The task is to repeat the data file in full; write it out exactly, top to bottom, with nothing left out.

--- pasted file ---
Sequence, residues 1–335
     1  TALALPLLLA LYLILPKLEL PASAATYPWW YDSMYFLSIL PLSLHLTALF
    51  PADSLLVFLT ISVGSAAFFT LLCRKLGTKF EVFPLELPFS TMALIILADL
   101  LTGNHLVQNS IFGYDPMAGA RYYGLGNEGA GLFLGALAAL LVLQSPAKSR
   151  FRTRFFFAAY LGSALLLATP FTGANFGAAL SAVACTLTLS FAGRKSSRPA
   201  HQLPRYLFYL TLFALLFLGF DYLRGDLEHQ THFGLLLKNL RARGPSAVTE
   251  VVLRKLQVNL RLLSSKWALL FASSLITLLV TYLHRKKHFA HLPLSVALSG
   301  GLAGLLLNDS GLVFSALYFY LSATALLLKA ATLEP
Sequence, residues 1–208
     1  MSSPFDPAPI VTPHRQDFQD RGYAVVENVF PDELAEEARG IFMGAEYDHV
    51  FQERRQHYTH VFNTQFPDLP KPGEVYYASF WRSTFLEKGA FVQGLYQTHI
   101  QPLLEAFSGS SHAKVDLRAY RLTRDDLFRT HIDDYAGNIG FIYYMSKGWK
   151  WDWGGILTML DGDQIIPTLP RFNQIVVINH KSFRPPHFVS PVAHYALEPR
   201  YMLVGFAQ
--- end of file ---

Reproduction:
Sequence, residues 1–335
     1  TALALPLLLA LYLILPKLEL PASAATYPWW YDSMYFLSIL PLSLHLTALF
    51  PADSLLVFLT ISVGSAAFFT LLCRKLGTKF EVFPLELPFS TMALIILADL
   101  LTGNHLVQNS IFGYDPMAGA RYYGLGNEGA GLFLGALAAL LVLQSPAKSR
   151  FRTRFFFAAY LGSALLLATP FTGANFGAAL SAVACTLTLS FAGRKSSRPA
   201  HQLPRYLFYL TLFALLFLGF DYLRGDLEHQ THFGLLLKNL RARGPSAVTE
   251  VVLRKLQVNL RLLSSKWALL FASSLITLLV TYLHRKKHFA HLPLSVALSG
   301  GLAGLLLNDS GLVFSALYFY LSATALLLKA ATLEP
Sequence, residues 1–208
     1  MSSPFDPAPI VTPHRQDFQD RGYAVVENVF PDELAEEARG IFMGAEYDHV
    51  FQERRQHYTH VFNTQFPDLP KPGEVYYASF WRSTFLEKGA FVQGLYQTHI
   101  QPLLEAFSGS SHAKVDLRAY RLTRDDLFRT HIDDYAGNIG FIYYMSKGWK
   151  WDWGGILTML DGDQIIPTLP RFNQIVVINH KSFRPPHFVS PVAHYALEPR
   201  YMLVGFAQ